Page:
'help'    => sub { HelpMessage(0) },
) or HelpMessage(1);

## get a pretrained model (download parameters file if necessary)
my $net = get_model($model, pretrained => 1);

## ImageNet classes
my $fname = download('http://data.mxnet.io/models/imagenet/synset.txt');
my @text_labels = map { chomp; s/^\S+\s+//; $_ } IO::File->new($fname)->getlines;

## get the image from the disk or net
if($image =~ /^https/)
{
    eval { require IO::Socket::SSL; };
    die "Need to have IO::Socket::SSL installed for https images" if $@;
}
$image = $image =~ /^https?/ ? download($image) : $image;

# Following the conventional way of preprocessing ImageNet data:
# Resize the short edge into 256 pixes,
# And then perform a center crop to obtain a 224-by-224 image.
# The following code uses the image processing functions provided 
# in the AI::MXNet::Image module.

$image = mx->image->imread($image);
$image = mx->image->resize_short($image, $model =~ /inception/ ? 330 : 256);
($image) = mx->image->center_crop($image, [($model =~ /inception/ ? 299 : 224)x2]);

## CV that is used to read image is column major (as PDL)
$image = $image->transpose([2,0,1])->expand_dims(axis=>0);

## normalizing the image
my $rgb_mean = nd->array([0.485, 0.456, 0.406])->reshape([1,3,1,1]);
my $rgb_std = nd->array([0.229, 0.224, 0.225])->reshape([1,3,1,1]);
$image = ($image->astype('float32') / 255 - $rgb_mean) / $rgb_std;

# Now we can recognize the object in the image.
# We perform an additional softmax on the output to obtain probability scores.
# And then print the top-5 recognized objects.
my $prob = $net->($image)->softmax;
for my $idx (@{ $prob->topk(k=>5)->at(0) })
{
    my $i = $idx->asscalar;
    printf(
        "With prob = %.5f, it contains %s\n",
        $prob->at(0)->at($i)->asscalar, $text_labels[$i]
    );
}

The core of the script is quite simple. Convert the input (image) to the output (one dimensional array of 1k size for 1000 ImageNet classes). The array is essentially a probability distribution (sum of all values adds to 1) and the value at the index for a specific class is the probability that the object of that class is present in the picture.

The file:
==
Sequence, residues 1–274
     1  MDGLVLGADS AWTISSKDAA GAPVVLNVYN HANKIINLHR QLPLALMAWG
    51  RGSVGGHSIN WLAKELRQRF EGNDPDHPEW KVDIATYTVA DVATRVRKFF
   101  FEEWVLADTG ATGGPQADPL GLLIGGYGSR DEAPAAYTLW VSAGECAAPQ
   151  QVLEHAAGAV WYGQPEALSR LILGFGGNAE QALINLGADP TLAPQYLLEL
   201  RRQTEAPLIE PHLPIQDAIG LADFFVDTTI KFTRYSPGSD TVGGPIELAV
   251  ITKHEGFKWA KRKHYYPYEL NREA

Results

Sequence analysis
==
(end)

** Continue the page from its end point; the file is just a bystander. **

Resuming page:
To convert the input into the output we just need to pretend that our network is a reference to a subroutine and feed it our input as we would to any other perl sub. Everything else is merely a busy work, read image, convert it to an appropriate format (people never seem to agree which dimension ordering method is superior) and then print out five largest probability values along with their text labels.


./image_classification.pl 
Downloading synset.txt from http://data.mxnet.io/models/imagenet/synset.txt ...
Downloading kyuubi.jpg from http://apache-mxnet.s3-accelerate.dualstack.amazonaws.com/gluon/dataset/kyuubi.jpg ...
With prob = 0.69273, it contains Pembroke, Pembroke Welsh corgi
With prob = 0.30584, it contains Cardigan, Cardigan Welsh corgi
With prob = 0.00041, it contains beagle
With prob = 0.00029, it contains basset, basset hound
With prob = 0.00010, it contains Eskimo dog, husky

As we can see 152 layer deep residual (input and output of a layer summed up and fed to a next layer) network had no trouble seeing through Kyuubi's shenigans.

But this is not all, there's one more Gluon example, artistic style transfer. You may have seen the examples of this technique, there are even mobile apps that allow you convert your photos into a 'timeless art'.

Now you can just read a well formatted Perl code and see for yourself what's under the hood. The example implements an absolute state of the art style transfer, as good as it gets, and real time one to boot, not much wait needed. Feed it any style picture and your image/photo and prepare to get amused at the result in 10, 15 seconds.

I'll refrain from explaining the code, the actual 'network' part is still something that I do not fully understand (working on it), everything else is busy work with images.

I hope you'll have fun with this example and produce a lot of nice pictures with it. Below are the images produced by the example script from the Kyuubi's photo and different classic paintings.